In fact, the only jobs that aren’t producing wealth (real productive work done, through the transferance of time) are those that don’t NEED to be done. These are predominantly Entertainment providing jobs, anything like being an actor, a musician, professional sports player, an artist, or even a video game programmer. While each of these jobs involves creating something we value, the don’t create Wealth, at least not as we are currently describing it.
        Which isn’t to say that these jobs aren’t using the transferance of time and job specialization abilities I’ve described above. But what we are transferring isn’t our productive time, it’s our LEISURE time. And I think it say a great deal about just how wealthy and productive our society has become that we can have billion dollar industries (and all the man/hours that amounts to) based solely on what, when you come down to it, is our time to goof off.
        By that metric, I’m probably ‘wealthier’ then any medieval King… well, at least a Duke. ^¿^

      • schitzree December 10, 2016 at 3:24 pm

        A very good article Willis, I agree with most of it.
        The only real point were I disagree is on the point of service jobs not creating real wealth. While it’s true that, on their own, a service providing job doesn’t add materially to a society, they do help provide a resource that is every bit as valuable – TIME.

        You raise an interesting point and one I’d not considered. If I understand it, your argument is that service industries create real wealth because they allow the wealth producers to create more wealth than they would without them.
        The problem with that argument is that it can equally be applied to an alarm clock. It gets the wealth producer out of bed early allowing the wealth producer to create more wealth than they would without the alarm clock. So by your lights the alarm clock is creating real wealth.
        But if you allow the claim that alarm clocks generate real wealth, then the concept no longer has meaning.

      • @schitzree
        Think of it as a cycle: all work done by the public sector is at the base funded by taxes collected on the output of the private sector. Economist on the Left would like us to forget that only the private sector which uses capital and HR to produce goods and services customers actually want at a profit that is then taxed actually creates true economic wealth. These tax revenues allow governments to expand the public sector into ever more “services” -whether the tax payers actually wants/needs these or not.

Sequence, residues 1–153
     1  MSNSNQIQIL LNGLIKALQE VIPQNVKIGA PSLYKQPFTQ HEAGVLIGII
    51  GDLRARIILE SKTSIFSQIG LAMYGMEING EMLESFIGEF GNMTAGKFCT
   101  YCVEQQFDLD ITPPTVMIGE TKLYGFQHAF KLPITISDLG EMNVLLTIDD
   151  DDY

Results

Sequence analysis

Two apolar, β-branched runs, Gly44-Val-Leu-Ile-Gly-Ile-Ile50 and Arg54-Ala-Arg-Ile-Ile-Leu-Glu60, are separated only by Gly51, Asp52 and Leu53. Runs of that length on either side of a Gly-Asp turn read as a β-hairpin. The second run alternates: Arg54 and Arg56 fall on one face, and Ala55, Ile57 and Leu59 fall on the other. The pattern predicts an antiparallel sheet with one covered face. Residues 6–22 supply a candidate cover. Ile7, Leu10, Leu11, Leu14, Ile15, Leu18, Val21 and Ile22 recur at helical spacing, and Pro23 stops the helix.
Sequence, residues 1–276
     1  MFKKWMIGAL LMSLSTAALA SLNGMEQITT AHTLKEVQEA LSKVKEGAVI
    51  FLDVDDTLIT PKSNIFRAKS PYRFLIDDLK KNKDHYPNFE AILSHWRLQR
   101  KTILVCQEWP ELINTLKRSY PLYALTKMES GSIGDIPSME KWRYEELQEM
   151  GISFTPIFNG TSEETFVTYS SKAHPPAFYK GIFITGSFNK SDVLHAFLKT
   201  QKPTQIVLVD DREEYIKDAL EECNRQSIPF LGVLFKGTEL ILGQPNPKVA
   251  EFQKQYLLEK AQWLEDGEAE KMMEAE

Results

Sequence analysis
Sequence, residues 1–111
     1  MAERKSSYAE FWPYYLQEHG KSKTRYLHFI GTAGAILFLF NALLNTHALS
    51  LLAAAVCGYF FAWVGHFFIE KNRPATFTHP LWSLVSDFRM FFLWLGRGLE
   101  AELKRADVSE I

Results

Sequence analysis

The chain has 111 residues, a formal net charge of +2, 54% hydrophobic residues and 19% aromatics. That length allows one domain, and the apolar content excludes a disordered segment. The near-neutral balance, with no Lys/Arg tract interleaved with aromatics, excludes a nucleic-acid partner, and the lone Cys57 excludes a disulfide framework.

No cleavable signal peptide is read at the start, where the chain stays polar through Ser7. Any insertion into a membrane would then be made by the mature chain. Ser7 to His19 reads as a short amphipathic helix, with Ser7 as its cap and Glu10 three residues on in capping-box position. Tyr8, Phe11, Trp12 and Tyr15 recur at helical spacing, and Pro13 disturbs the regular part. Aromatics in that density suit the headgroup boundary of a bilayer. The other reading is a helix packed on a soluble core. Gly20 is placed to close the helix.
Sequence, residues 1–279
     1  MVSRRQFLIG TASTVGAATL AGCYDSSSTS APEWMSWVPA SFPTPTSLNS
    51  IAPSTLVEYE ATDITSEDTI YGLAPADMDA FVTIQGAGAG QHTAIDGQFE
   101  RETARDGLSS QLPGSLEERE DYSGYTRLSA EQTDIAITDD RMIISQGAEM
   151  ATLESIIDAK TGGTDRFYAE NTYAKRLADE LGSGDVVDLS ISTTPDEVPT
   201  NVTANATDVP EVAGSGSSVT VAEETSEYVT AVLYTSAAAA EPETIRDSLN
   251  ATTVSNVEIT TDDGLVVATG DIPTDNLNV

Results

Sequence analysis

The wages of the myriad public sector workers are thus ultimately paid for by the original tax revenues derived from the private sector, supplemented by the [recycled] tax revenues derived from the public sector wages. This is how governments have grown to represent some 45-55% of GDP in most developed economies since the 1960s. The problem is that this of course does not add up and the fictitious financial “perpetuum mobile” – a figment of the socialist big government mind – is not sustainable. Which is why without exception governments in Western “developed” economies have been running systematic fiscal deficits for the past 40 years and have accumulated public debts that in many cases [US included] are approaching or exceeding 100% of GDP.

      • @ tetris
        An excellent observation, and very true. And obviously whenever a government grows to be half or more of a nations GDP then it is using up far more resources then it provides benefit for.
        It should be pointed out, nearly every service provided by a government CAN and HAS been provided by the private sector at some point in history, from basic utilities to schools to even the police. There is no intrinsic reason why public service government should be any less economical then if it were run as a business. The true problem is with the people running it. To many people are willing to accept a level of curruption and inefficiency that would never work in the private sector.
        @ Willis
        Hmm, the alarm clock as a service provider. An interesting point of view, but what work does the alarm clock do? For it to count as a transferance of time it has to do a job that you no longer have to do yourself. It may ring, but you still need to be the one to get up and go to work. And if you set it an hour early, it is still your choice to get up then. At most it improves the efficiency of the work you do yourself.